In religious matters Epicurus was not a dissenter from the national faith. He worshipped the gods of his community and his age, and took part in the observance of religious services and of festival pageantry. So, too, he instituted services to commemorate the names of some of his beloved dead. From neither the dead nor the gods did he expect any reward. But to both he felt an overflowing of a full heart, gladly showing forth in act its sense of fellowship and kindred with the august and distant gods and the near and dear departed. We are told with pride, too, by Philodêmus, the contemporary of Cicero, that Epicurus was never molested by the comic poets—never banished or put to death as an atheist and infidel.22 Philodêmus was, no doubt, thinking of Socrates; but he hardly realized how different Athens was in the two periods, and how very great was the contrast between Socrates, freely discussing on the streets and squares, with all comers, on all topics, and Epicurus conversing quietly with his friends in his garden.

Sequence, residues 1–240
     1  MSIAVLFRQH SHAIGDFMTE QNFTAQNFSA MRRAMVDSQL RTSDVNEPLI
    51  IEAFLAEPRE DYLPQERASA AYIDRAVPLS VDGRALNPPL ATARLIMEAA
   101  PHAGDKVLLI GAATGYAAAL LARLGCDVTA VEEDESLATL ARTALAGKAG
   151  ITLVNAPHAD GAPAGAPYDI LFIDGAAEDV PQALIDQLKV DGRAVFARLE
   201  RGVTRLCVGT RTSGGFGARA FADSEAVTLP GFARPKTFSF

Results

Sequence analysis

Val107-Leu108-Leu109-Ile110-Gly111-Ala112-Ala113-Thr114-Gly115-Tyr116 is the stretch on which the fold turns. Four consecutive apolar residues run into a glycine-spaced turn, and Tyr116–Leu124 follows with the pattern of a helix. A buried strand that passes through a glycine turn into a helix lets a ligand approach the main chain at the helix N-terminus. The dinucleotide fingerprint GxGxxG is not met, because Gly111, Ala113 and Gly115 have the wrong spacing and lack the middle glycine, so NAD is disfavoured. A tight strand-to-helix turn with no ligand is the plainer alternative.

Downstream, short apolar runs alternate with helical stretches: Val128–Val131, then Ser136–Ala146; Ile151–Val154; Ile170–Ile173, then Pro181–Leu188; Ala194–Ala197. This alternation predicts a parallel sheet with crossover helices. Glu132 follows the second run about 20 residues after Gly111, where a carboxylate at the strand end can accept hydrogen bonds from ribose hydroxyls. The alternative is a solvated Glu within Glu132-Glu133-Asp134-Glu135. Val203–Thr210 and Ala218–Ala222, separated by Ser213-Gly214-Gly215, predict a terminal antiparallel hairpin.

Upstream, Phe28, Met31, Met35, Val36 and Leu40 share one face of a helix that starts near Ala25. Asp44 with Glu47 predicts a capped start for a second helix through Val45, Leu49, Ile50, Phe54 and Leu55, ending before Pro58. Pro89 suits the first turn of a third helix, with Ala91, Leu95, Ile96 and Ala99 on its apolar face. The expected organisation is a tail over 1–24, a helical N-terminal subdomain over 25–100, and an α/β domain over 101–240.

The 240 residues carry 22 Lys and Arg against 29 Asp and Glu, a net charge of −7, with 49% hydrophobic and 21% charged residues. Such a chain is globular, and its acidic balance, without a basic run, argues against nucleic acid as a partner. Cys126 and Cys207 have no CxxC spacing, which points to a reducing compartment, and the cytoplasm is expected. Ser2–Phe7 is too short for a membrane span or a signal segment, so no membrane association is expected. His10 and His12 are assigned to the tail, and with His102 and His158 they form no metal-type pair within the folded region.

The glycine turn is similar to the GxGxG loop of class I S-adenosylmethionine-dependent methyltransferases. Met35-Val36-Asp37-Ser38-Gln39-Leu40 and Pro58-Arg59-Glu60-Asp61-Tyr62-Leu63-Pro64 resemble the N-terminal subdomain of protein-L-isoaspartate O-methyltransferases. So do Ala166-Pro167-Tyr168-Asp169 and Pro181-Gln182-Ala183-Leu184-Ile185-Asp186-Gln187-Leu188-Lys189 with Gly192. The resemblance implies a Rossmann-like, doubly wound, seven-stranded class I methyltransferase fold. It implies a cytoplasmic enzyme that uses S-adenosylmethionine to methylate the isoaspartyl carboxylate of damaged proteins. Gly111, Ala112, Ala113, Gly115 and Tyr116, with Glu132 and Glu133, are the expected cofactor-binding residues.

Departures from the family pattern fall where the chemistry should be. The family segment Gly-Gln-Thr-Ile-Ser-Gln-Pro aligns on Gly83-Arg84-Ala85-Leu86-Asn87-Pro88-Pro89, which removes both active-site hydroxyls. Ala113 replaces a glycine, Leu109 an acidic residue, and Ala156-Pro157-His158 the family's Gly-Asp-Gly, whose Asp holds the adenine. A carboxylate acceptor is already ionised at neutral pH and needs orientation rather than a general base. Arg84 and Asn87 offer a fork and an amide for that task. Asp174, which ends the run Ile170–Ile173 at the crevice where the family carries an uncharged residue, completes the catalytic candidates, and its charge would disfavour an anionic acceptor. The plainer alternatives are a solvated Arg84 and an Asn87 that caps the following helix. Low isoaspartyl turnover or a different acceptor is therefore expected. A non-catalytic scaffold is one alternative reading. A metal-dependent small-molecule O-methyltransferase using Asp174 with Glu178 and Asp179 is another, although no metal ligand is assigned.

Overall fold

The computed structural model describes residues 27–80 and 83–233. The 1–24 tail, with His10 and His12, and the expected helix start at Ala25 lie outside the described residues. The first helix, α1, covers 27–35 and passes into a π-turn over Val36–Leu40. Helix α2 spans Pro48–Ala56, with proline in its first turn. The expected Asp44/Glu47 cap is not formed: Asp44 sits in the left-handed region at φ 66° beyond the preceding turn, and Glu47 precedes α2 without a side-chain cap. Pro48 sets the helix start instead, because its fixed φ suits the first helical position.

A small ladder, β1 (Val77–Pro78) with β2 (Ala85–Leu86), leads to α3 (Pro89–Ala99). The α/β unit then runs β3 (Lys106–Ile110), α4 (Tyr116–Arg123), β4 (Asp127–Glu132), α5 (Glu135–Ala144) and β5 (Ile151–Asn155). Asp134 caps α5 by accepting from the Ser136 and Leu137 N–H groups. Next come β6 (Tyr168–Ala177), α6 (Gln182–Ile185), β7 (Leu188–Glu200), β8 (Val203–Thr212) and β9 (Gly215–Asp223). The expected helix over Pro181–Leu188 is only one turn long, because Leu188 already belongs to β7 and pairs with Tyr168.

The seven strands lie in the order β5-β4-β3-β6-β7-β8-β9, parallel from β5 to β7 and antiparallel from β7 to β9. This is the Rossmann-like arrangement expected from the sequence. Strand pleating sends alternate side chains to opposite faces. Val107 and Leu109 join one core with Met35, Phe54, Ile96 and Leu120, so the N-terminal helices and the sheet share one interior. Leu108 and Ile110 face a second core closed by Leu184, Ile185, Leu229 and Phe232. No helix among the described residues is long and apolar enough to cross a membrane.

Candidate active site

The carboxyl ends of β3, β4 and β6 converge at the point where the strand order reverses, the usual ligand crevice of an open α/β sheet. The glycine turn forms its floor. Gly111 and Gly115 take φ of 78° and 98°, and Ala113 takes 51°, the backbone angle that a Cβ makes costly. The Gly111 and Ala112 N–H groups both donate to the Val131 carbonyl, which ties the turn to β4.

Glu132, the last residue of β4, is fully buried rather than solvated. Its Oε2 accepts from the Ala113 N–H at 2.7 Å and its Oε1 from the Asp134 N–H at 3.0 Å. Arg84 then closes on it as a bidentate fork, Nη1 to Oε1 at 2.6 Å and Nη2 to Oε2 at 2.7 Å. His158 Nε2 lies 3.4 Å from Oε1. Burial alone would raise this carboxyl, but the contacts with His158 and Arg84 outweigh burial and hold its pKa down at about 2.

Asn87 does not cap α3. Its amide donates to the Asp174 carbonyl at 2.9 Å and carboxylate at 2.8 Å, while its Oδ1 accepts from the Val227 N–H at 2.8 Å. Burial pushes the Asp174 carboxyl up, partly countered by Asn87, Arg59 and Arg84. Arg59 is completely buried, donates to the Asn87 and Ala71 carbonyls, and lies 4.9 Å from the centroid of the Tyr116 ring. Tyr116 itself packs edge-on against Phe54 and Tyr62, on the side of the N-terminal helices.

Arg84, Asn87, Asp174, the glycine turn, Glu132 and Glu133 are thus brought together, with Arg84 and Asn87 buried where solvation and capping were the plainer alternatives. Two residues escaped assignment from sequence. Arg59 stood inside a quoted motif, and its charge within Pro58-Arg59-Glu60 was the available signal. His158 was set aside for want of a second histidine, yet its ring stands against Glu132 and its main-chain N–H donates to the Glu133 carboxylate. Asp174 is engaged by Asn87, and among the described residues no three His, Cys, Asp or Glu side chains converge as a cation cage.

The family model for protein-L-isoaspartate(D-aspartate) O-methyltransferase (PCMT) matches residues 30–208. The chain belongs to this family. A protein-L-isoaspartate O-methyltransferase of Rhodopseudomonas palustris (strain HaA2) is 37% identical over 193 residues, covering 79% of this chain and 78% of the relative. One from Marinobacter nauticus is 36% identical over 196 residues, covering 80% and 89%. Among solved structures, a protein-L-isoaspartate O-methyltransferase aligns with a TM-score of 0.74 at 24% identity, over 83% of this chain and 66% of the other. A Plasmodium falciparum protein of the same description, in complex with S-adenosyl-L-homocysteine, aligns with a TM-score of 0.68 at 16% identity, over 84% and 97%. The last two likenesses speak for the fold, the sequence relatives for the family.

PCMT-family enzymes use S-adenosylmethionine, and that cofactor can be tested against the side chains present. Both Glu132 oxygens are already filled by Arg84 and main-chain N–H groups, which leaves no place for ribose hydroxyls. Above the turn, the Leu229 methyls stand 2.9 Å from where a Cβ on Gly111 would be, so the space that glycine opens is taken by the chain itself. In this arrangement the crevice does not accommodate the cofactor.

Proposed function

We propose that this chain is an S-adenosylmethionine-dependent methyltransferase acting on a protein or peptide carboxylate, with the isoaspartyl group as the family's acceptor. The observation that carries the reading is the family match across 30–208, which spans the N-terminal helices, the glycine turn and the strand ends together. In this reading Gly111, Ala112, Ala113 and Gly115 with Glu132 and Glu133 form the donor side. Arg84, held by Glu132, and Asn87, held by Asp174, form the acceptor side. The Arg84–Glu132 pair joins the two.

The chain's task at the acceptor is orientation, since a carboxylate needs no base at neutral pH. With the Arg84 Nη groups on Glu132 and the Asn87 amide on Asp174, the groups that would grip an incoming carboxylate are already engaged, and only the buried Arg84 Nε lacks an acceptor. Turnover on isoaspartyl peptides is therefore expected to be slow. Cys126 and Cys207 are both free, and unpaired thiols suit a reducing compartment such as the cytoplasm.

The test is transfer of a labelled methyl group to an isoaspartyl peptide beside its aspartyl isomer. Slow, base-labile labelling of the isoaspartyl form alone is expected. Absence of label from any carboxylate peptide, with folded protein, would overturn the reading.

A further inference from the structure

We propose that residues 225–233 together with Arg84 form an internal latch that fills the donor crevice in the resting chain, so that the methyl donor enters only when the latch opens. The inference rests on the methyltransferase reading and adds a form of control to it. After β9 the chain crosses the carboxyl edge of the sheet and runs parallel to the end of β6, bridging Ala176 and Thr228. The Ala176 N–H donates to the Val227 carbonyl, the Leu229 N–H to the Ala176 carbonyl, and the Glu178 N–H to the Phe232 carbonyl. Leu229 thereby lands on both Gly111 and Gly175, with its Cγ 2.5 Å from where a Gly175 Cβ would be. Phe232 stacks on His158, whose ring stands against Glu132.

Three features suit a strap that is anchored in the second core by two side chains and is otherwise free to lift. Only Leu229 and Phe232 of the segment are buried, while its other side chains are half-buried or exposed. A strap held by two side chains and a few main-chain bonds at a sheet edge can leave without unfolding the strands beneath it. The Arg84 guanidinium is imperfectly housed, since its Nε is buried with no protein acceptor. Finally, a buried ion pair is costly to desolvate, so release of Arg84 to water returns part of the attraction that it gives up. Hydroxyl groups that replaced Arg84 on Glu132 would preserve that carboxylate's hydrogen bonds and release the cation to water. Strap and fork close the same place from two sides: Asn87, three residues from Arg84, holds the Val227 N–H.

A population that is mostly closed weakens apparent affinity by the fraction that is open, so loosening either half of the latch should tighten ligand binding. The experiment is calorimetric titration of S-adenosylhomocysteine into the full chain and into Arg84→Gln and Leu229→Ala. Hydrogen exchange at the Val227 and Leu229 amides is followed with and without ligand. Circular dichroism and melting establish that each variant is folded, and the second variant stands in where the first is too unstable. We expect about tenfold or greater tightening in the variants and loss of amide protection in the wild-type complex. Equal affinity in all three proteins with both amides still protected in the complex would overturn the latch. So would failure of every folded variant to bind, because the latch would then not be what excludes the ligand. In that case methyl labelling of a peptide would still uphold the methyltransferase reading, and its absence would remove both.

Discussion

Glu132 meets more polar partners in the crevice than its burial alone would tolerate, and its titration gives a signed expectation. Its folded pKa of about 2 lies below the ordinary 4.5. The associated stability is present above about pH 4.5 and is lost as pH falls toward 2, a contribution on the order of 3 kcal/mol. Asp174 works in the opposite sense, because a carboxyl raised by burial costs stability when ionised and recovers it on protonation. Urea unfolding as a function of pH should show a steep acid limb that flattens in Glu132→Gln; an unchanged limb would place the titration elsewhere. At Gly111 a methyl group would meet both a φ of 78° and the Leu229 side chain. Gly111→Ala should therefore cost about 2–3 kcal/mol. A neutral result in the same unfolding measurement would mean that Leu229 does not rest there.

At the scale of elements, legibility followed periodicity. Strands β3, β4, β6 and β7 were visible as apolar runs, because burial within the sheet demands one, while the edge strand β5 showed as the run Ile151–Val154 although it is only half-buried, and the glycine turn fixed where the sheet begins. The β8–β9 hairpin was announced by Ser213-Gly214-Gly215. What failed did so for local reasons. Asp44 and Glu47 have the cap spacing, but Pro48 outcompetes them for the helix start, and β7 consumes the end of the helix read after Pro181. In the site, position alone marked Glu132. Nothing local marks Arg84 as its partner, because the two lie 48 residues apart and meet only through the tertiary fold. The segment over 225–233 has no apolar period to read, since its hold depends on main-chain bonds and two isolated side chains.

Thus tranquilly passed these thirty-six years in Athens. The position of Epicurus was very unlike that of his contemporaries in philosophy. Some of them like Zeno, the Stoic, and the heads of the Peripatetic school, Theophrastus, Strato, Lyco, and Demetrius were on terms of friendship and familiarity with the princes and great men of the time. It was not a rare or surprising event to see philosophers acting as the ambassadors of their native state, in its transactions with foreign powers. Thus Menedêmus, of Eretria, was entrusted by his fellow-citizens with the plenipotentiary disposition of their town; he was sent on embassies to foreign kings, such as Lysimachus, Ptolemy, and Demetrius; and the young king of Macedonia was proud to subscribe himself as his pupil. Ptolemy Philadelphus of Egypt had been a scholar of Strato of Lampsacus. And Arcesilaus, the Platonist, though he declined the efforts made to get him to meet the King of Macedon, was an intimate friend of the captains or governors who held garrison in the Piræus, and stood well with Eumenes, the son of Philetærus.23